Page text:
History and visit the Place du Marché Sainte-Catherine in Paris
Place du Marché-Sainte-Catherine is one of the quietest places, although very crowded with tourists in the 4th arrondissement of the French capital. Its location at the intersection of Rue d’Ormesson, the Caron Street and Jarente street. With its benches and the fact that it is forbidden to travel by car, we go above for a drink in one of the many terraces that border or to put in the shade by tall trees . There is nothing like walking to visit, with its cobblestone manicured. All around the place, there are many restaurants to disparate specialties. To get there, there Take the subway line 1 and get off at Saint-Paul. The Chemin Vert metro station is also nearby. You can also get there by bike. The station Velib ‘Rue de Sevigne is about 100 m away. The place is open every day of the week from 11:30 a.m. to 11:30 p.m..
In the thirteenth century, the priory of Sainte-Catherine Val-des-school children occupied the present site of the Market Place Sainte-Catherine. After the priory was destroyed, we put in place a market nearly 600 years later, who was given the name of the old priory. The market is not there, but the market place was kept as its name. Despite this time lag, the history of the Market Place Sainte-Catherine is closely linked to the Priory since its existence was the result of a bet with fate or luck. Before the battle of Bouvine the early thirteenth century, soldiers made a vow to build a church in honor of St. Catherine they returned victorious. It was St. Louis who kicked off construction on land that was once called the Val Schoolboys in 1229. Expenses of the priory were then assigned to the order of Val-des-Schoolchildren, founded in 1201, which was eager to set up in Paris. The lands of the priory never ceased to grow with donations among others Nicolas Gibon, Peter Brain or the queen mother Blanche of Castile. The same construction of the priory was widely supported by the Templars who lived nearby.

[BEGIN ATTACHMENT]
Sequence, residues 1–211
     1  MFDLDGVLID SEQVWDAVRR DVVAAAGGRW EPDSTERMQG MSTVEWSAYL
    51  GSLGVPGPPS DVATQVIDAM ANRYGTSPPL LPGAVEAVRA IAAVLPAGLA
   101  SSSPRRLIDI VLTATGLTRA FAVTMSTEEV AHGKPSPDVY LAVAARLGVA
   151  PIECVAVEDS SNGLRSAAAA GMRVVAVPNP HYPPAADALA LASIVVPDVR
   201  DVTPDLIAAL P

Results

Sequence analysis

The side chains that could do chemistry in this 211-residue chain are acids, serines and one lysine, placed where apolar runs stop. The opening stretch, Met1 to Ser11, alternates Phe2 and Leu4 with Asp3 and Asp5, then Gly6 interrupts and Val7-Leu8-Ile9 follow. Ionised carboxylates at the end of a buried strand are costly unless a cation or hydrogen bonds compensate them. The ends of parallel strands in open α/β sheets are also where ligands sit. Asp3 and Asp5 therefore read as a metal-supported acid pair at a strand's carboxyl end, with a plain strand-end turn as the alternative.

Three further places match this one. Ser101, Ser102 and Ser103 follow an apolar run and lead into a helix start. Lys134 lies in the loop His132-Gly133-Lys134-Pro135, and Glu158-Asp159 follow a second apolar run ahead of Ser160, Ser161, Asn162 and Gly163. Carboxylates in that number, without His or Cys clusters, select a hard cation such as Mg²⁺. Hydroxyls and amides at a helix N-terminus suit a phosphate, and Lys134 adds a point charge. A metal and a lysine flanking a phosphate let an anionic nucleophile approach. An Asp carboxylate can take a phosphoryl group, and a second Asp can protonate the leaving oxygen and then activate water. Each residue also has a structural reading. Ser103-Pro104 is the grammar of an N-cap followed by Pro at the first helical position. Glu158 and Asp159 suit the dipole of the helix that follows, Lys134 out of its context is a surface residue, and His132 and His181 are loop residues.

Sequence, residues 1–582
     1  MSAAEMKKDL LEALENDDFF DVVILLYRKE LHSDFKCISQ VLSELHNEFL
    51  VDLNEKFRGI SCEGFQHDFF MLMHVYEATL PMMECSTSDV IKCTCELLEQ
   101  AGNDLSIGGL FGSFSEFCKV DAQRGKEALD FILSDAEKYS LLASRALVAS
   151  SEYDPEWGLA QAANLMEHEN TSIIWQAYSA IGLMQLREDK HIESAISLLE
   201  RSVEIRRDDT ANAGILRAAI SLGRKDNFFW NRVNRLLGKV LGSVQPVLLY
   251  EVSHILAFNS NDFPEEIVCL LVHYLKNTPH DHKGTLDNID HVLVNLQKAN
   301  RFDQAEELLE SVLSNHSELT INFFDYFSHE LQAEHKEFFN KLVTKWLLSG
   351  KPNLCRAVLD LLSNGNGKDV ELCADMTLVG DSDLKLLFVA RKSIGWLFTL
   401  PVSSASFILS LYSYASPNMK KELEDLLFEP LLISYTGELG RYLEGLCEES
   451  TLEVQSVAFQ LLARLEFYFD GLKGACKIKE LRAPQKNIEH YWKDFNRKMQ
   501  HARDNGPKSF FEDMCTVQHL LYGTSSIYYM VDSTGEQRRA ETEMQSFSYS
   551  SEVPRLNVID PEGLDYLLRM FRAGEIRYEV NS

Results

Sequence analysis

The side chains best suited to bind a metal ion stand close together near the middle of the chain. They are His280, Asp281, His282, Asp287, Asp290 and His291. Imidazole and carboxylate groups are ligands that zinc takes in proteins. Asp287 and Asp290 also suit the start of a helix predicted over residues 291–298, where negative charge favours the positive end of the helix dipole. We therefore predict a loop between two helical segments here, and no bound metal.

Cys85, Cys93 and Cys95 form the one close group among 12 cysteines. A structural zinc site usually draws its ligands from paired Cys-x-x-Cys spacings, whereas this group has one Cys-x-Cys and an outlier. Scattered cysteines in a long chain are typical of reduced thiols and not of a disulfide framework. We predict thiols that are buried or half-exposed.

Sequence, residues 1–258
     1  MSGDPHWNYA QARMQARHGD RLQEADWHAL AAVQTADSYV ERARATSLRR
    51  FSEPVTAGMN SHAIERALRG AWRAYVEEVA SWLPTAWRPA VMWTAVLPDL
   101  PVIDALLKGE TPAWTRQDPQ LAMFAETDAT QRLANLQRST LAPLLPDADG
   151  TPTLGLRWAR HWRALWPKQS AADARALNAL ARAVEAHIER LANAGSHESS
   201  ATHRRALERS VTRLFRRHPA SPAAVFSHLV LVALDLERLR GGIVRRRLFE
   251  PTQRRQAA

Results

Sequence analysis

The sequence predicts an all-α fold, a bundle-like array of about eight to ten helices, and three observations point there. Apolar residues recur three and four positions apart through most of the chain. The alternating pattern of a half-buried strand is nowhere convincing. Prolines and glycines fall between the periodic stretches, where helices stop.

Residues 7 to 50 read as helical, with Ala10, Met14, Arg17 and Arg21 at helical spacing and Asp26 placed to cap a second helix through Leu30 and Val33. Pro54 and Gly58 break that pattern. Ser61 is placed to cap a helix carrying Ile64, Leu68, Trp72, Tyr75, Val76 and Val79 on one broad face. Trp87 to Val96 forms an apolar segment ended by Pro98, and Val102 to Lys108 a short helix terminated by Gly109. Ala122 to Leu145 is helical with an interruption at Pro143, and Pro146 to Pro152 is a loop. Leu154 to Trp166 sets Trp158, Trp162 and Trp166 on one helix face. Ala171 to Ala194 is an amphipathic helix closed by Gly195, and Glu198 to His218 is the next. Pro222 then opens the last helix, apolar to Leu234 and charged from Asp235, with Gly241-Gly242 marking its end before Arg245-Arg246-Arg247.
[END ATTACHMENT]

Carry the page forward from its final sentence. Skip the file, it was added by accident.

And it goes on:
During the Middle Ages, the priory was very active. Members are officiated, but also in other churches in Paris. A century later, the priory encountered financial difficulties. However, the royal family continued to support him. Through its donations and some land purchases, the priory cheers of the culture of his land which was called “couture St. Catherine.” Unfortunately it was forced to sell his land to the late sixteenth century because of its financial problems. The mid-eighteenth century, the priory was moved to the old Jesuit house, located in the rue Saint-Antoine as the church literally fell apart. The priory razed the land that remained was bought by Jacques-François Marchand du Colombier. At the exact location of the church in 1789, it installed a covered market which was much larger than the place Marché Sainte-Catherine that we know today. The ground floor of the buildings surrounding the square were also for sale. The last dealer closed its doors in 1939.
Transfer from the Place du Marché-Sainte-Catherine in Paris
The Place du Marché Sainte-Catherine is located 18.6 kilometers from Orly Airport, 32.8 miles from Roissy Charles de Gaulle Airport and 88.8 km from the airport of Beauvais.